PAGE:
In some not-so-shocking news from Gallup, Congressional approval ratings remain at historically low levels, with just 14% of Americans approving of the way Congress is handling its job.
This brings their annual average to 15% thus far in 2013, which at this rate, would mean they would tie 2012 as the lowest yearly average since Gallup began asking the question.
Congress’ historically low numbers can partially be attributed to a divided Congress, with Republicans controlling the House and Democrats holding a majority in Senate.
“With control of Congress divided between the two parties, it is harder for voters to assign blame and thus give control of Congress to the minority party, as occurred in those other elections.”
Congress, however, has been divided since 2011, as noted by Gallup, meaning that additional factors are in play leading to the deteriorating approval rating for our elected officials.
One such factor could be the legislative body’s recent recess, and their inability to compromise before leaving Washington on key issues such as student loan debt, the economy, and gun control.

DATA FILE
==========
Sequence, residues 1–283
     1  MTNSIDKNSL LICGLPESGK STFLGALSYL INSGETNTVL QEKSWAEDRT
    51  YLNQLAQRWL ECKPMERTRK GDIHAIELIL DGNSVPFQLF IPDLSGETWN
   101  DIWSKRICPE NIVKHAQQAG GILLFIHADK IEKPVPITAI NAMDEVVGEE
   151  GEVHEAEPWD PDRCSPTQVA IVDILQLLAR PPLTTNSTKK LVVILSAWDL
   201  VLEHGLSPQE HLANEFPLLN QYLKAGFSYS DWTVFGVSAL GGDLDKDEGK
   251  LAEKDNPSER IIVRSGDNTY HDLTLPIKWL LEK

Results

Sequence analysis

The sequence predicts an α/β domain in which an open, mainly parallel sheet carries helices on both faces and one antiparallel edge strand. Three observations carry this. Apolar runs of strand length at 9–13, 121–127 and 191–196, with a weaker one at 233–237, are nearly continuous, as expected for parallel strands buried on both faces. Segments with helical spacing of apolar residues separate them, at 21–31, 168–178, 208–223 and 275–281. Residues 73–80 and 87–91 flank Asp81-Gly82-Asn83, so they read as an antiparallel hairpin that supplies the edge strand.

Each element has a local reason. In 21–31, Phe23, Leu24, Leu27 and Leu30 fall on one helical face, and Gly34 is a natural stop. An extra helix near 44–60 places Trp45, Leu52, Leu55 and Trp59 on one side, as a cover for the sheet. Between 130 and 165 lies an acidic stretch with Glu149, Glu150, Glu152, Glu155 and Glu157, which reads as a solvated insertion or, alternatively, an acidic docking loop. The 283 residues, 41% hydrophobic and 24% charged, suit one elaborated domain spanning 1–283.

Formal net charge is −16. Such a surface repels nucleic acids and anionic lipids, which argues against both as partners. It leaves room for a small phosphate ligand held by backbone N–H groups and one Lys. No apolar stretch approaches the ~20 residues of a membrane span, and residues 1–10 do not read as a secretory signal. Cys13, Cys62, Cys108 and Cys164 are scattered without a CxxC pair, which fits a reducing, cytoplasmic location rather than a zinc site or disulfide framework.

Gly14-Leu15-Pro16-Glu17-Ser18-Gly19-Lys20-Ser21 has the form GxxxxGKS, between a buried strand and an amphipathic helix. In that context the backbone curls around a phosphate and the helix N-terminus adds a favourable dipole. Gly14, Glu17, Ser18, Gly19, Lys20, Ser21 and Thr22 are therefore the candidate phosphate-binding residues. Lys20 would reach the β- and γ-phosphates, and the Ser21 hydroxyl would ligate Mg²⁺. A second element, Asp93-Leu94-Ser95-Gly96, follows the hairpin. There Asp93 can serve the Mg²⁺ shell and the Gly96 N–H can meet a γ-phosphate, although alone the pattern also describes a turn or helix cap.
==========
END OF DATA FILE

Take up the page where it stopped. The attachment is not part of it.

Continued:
Empirically, low approval ratings for Congress have resulted in higher turnover rates in election years, as made evident in 1994, 2006, and 2010.
While conventional rationale would suggest that America’s current level of dissatisfaction would similarly result in a higher turnover of seats in Congress in the coming election year, this type of thinking ignores the state of the system through which we elect officials.
Despite an increasingly moderate electorate, the barriers to candidacy put in place by the two-party system ensure their continued dominance in the political sphere, with practices like gerrymandering and closed primaries barring both independent-minded candidates and voters from participating in the system.
With 40% of the American electorate choosing not to affiliate with a political party, approval ratings will not increase unless Congress begins working together to represent the people, not their parties.